Nature highlights the work of scientist Fernanda Cerda of the Faculty of Science

This week, the prestigious journal Nature highlights in its place “Where I Work” College of Science scientist and researcher Fernanda Cerda, and the work she is doing to build solar cells using natural pigments extracted from local plants. The article in question is entitled “Power plants: producing electricity from flowers and fruits” and talks about Cerda’s work and the conditions in which it is carried out.

According to the College of Science,Cerda, Research Professor in the Biomaterials Laboratory at the Institute of Biological Chemistry, College of Science. He specialized in the field of physical chemistry and since 2013 has been working on solar cells based on natural pigments. These dye-sensitive cells are known as “Grätzel cells” in honor of the Lausanne-based researcher Michael Grätzel, who first reported this possibility and led the development of the idea.

Since yesterday’s publication in Nature, things Serda could never have imagined have happened. Not only did he send congratulations to family, friends and colleagues, but Michael Gratzel himself called the researcher to congratulate her and offer her financial support, the college reports on its website.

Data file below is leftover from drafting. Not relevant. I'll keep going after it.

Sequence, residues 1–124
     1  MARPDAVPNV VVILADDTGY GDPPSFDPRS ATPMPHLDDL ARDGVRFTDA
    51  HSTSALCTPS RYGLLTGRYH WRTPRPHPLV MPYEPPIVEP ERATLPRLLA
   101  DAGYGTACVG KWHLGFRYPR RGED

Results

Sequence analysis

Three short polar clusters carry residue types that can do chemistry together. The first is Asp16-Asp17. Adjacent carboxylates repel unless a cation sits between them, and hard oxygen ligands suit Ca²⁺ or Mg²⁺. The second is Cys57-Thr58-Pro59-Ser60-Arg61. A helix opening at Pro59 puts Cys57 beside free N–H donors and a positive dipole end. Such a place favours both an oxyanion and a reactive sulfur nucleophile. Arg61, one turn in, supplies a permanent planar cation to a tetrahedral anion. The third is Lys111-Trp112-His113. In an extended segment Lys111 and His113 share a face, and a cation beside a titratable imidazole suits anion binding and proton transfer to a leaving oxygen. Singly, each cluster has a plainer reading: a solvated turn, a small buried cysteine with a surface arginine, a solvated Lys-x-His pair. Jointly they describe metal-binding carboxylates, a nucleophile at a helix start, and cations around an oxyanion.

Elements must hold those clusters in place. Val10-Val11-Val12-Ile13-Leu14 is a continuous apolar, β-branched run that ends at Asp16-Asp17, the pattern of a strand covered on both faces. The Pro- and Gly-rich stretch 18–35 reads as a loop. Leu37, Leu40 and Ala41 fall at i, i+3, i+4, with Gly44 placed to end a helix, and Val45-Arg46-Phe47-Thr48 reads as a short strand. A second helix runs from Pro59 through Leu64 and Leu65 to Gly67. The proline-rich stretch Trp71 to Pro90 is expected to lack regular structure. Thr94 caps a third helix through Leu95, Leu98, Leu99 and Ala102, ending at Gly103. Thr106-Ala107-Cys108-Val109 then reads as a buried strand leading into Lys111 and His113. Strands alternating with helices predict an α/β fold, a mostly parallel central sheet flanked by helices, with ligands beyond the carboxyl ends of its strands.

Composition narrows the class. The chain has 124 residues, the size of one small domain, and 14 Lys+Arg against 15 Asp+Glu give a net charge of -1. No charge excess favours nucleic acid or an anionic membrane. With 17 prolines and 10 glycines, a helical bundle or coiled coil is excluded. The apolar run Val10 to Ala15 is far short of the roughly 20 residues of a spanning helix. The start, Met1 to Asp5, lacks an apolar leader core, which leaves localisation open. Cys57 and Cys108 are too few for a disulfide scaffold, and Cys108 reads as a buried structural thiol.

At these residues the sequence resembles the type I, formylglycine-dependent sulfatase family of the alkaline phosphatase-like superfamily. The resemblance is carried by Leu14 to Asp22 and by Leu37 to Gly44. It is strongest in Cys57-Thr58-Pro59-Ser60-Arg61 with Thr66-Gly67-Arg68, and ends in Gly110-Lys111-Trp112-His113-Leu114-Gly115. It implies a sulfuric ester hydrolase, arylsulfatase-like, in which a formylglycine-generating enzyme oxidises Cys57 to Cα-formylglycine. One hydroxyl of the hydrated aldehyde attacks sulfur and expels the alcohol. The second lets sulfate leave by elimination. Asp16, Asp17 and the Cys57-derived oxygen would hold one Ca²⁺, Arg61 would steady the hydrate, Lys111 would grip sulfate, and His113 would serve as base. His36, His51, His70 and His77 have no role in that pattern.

“A couple of hours ago I was going to say something, but I just got an email from Graetzel. Let him write to me, congratulate me, tell me he wants to donate so I can continue my research.. I, it’s more than I was asking or expecting.” “Other than the fact that Nature chose me, for reasons I don’t know, because I make it clear that I neither publish in Nature nor dream of it, they have chosen me for a section of the magazine that they seek to shed light on some people. I only know that they seek that message from that person, that interview It motivates a lot of people.”

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As Nature explains, Fernanda Cerda has worked at the University of the Republic for 30 years. In 2019, he developed a prototype board that he tested for nearly two years at the base of the Antarctic. Four months ago, the results were submitted for publication and are still under review.
Regarding her line of research, Cerda said, “It was a huge challenge from the start. It meant learning from scratch, which at that point in my life was a tough decision to make.”

Plus, the researcher finds it great that you have to sit down to study over and over again, because the questions that need to be answered keep popping up and the answers are out of reach. He says he’s always been amazed at searching for answers in a world where they come in the form of partial data, where the biggest challenge is putting together the puzzle.

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